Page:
There is no pre-order system to take orders. Only Elio Motors and Tesla use such a system to flaunt "long lines for something that doesn't exist". One more, Arcimoto also uses an order system, I believe.
Just so you know, WNY has not entirely gotten rid of mob influence. There is a lot of "influence" in big construction work there.
Looks like it was a 4mph incident. But that was a big van and algorithms "beeped" saying that something was about to happen in .3 seconds. The algorithm (if TACC was turned on) certainly should have stopped before it tried to.
Issue equity on Thursday, write covered calls on Friday ITM.
Also, did you see Tesla sold the oversupply of shares? So the raise was $1.7M but quietly reported yesterday. So, dilution was "fully realized" on the issuance.
The common consumer is not getting any deals on EVs just yet. Used Volts can be had for $15k and battery-challenged Leafs under $10k in some spots. But until a $20,000 without-incentive EV with 200 miles is on the showroom floor, consumers will not adopt. $35k or even $28k post incentives is still high for the lower to middle-class unless the lease-deals are $200/month.
Artificial levels currently. However our grand-children will be seeing a life of less oil availability. We can pump oil - but it will eventually run out. The work done in the EV world now will benefit our grandchildren. But the work done today will be slowly adopted with a smooth, slow and steady growth pattern over the next few decades.
I believe it will be the eventual price of the base model, RWD without options with the smaller of the two battery options. That comes when the GF is making 20800 sized cells and is fully built and operational. We did heat that the GF was "needed" to bring full scale to the Model 3. Early adopter pricing in 2017 may be $40,000 which then drops 2k each year to get to $35k or even less in 2020. There could also be a price drop on Model S to entice upper level buyers. 70 for say $65k. I know Tesla wants to only do RWD and DWD. But I do believe they need a FWD choice in their "consumer car".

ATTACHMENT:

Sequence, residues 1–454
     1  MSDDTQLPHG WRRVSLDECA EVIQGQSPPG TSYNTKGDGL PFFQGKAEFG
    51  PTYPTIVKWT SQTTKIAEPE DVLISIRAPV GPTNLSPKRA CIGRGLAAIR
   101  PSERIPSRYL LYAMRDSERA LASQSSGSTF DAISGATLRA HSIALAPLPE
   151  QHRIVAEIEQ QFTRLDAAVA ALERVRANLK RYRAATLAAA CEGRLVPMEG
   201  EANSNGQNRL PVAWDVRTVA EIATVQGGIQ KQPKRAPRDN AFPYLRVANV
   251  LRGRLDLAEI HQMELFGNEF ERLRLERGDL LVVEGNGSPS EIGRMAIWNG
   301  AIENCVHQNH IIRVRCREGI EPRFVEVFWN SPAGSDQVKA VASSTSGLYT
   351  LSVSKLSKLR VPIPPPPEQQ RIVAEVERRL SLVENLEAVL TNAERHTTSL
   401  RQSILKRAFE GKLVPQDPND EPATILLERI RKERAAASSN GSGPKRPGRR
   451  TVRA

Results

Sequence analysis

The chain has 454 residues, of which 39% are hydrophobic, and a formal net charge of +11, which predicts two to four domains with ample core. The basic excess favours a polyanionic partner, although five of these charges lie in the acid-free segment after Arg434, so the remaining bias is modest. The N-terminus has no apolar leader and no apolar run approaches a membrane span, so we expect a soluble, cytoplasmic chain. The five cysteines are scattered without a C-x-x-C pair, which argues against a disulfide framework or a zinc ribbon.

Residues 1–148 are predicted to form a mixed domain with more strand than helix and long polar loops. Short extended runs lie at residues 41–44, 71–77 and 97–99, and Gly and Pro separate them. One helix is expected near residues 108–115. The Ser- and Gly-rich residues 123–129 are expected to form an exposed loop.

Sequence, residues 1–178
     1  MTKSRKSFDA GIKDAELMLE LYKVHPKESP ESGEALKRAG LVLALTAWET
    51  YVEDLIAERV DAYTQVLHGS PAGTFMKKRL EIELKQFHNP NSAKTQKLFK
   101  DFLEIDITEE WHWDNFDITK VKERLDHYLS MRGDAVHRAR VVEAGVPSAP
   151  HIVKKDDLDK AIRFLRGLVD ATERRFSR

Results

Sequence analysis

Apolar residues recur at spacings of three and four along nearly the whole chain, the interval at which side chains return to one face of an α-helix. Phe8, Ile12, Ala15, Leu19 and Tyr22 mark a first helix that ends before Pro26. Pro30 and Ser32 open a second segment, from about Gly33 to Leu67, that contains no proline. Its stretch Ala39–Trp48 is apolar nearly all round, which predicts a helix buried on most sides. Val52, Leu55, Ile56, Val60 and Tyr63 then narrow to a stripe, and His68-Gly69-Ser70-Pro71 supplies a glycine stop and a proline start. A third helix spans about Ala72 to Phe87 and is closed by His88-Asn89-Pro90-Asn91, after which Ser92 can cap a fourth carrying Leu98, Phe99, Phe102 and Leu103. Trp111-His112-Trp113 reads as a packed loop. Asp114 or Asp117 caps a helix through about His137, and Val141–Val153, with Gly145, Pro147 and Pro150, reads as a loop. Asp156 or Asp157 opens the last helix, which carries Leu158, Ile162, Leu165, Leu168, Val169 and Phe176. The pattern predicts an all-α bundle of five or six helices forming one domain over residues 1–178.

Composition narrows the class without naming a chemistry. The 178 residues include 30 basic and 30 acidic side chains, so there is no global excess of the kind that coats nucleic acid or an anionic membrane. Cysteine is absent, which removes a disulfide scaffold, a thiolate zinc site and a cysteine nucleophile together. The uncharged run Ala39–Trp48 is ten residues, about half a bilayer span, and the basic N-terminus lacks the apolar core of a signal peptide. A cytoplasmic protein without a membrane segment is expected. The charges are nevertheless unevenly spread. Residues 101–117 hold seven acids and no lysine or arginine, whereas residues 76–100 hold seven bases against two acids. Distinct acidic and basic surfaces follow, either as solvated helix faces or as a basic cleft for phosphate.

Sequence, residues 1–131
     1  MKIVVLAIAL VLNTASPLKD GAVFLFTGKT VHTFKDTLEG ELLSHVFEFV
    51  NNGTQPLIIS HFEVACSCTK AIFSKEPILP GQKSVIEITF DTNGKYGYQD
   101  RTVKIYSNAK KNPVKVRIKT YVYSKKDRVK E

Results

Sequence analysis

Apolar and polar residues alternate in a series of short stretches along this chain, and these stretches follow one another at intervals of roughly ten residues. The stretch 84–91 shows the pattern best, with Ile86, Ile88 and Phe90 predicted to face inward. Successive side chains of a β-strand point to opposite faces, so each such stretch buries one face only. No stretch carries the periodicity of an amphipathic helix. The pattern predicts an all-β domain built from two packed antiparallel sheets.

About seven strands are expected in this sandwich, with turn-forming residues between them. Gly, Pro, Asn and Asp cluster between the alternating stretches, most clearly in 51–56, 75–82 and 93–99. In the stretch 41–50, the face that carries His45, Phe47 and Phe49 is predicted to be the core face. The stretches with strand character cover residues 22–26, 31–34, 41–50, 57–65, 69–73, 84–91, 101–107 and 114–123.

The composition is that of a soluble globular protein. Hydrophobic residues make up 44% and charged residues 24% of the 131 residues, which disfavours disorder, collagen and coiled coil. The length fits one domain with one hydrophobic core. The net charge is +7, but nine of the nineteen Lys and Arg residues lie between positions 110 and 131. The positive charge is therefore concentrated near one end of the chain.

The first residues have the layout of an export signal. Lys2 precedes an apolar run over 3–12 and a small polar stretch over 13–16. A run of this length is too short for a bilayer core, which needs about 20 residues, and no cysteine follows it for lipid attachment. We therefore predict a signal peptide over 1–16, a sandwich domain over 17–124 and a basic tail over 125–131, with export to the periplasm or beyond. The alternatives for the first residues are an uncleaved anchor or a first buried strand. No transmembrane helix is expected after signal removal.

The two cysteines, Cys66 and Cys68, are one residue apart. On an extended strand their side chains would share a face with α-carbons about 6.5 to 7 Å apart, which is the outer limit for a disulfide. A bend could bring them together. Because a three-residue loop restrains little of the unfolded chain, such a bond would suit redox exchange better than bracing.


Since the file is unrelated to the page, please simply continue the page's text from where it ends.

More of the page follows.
Was this discussed today? Article on gm-volt mentions Hyundai will have its 200 miler available in 2018 and 250 miler by 2020. While this seems good, it will take much longer to get most common consumers educated and ready to live an electric lifestyle. Styling-wise, I suspect Hyundai will have a better-looking solution than the Chevy Bolt is coming out with to start. I think that some of these folks really need to build proper CUV-sized plug-ins to get the middle-class market going.
Hyundai will introduce electric vehicles with longer range before the end of the decade.
In a recent interview with Autoblog, Hyundai’s director of its eco-vehicle performance development group, Byung Ki Ahn, confirmed that a 200-mile Hyundai electric vehicle will be introduced by 2018. Range will go even further by 2020, when Hyundai plans on adding a 250-mile electric vehicle to its lineup.
That’s a major improvement compared to the Hyundai Ioniq EV (pictured) that has a 110-mile range, set to launch later this year in the U.S. The Korean automaker is investing heavily into alternative powertrains, promising to offer 26 new green models by 2020 that includes plug-in hybrids, hybrids and hydrogen fuel cell vehicles.
Succeed how? Establish a profitable cash flow? The issue is it now is in a mode where the only way to succeed is to grow at "astronomical rates". It actually is worse-looking than before they threw out the 500,000 "build plan". But the "words on paper" don't foretell any sort of success. They will be surviving by out-running the bear until eventually the bear catches up.
Up on necessary dilution. No other company has the level of MM prop that this does. They have put out the required "one year from now" hype to buy an incredible amount of leeway.
This guy left in 2015 before the world heard that "guidance was to get employees to work harder" and not realistic guidance.
But a few accidents have happened with drivers believing the car would stop for them "in all cases".